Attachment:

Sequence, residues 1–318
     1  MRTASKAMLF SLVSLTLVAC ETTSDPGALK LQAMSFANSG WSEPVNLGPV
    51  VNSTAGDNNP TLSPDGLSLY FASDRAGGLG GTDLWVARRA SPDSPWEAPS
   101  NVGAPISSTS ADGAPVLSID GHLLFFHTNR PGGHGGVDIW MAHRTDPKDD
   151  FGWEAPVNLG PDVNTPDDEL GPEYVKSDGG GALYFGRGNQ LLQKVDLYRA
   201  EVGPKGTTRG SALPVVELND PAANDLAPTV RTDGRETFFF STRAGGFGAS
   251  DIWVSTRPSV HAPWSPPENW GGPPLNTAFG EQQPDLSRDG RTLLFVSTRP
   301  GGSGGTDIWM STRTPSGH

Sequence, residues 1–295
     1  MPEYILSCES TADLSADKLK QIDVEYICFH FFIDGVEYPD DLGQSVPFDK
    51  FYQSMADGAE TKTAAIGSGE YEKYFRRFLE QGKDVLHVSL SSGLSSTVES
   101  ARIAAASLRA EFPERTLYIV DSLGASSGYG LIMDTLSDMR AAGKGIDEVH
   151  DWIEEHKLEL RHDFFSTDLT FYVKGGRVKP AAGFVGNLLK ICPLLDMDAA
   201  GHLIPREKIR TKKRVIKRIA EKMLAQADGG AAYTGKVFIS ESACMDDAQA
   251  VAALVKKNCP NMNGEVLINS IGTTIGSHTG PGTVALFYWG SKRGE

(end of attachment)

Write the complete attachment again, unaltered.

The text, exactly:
Sequence, residues 1–318
     1  MRTASKAMLF SLVSLTLVAC ETTSDPGALK LQAMSFANSG WSEPVNLGPV
    51  VNSTAGDNNP TLSPDGLSLY FASDRAGGLG GTDLWVARRA SPDSPWEAPS
   101  NVGAPISSTS ADGAPVLSID GHLLFFHTNR PGGHGGVDIW MAHRTDPKDD
   151  FGWEAPVNLG PDVNTPDDEL GPEYVKSDGG GALYFGRGNQ LLQKVDLYRA
   201  EVGPKGTTRG SALPVVELND PAANDLAPTV RTDGRETFFF STRAGGFGAS
   251  DIWVSTRPSV HAPWSPPENW GGPPLNTAFG EQQPDLSRDG RTLLFVSTRP
   301  GGSGGTDIWM STRTPSGH

Sequence, residues 1–295
     1  MPEYILSCES TADLSADKLK QIDVEYICFH FFIDGVEYPD DLGQSVPFDK
    51  FYQSMADGAE TKTAAIGSGE YEKYFRRFLE QGKDVLHVSL SSGLSSTVES
   101  ARIAAASLRA EFPERTLYIV DSLGASSGYG LIMDTLSDMR AAGKGIDEVH
   151  DWIEEHKLEL RHDFFSTDLT FYVKGGRVKP AAGFVGNLLK ICPLLDMDAA
   201  GHLIPREKIR TKKRVIKRIA EKMLAQADGG AAYTGKVFIS ESACMDDAQA
   251  VAALVKKNCP NMNGEVLINS IGTTIGSHTG PGTVALFYWG SKRGE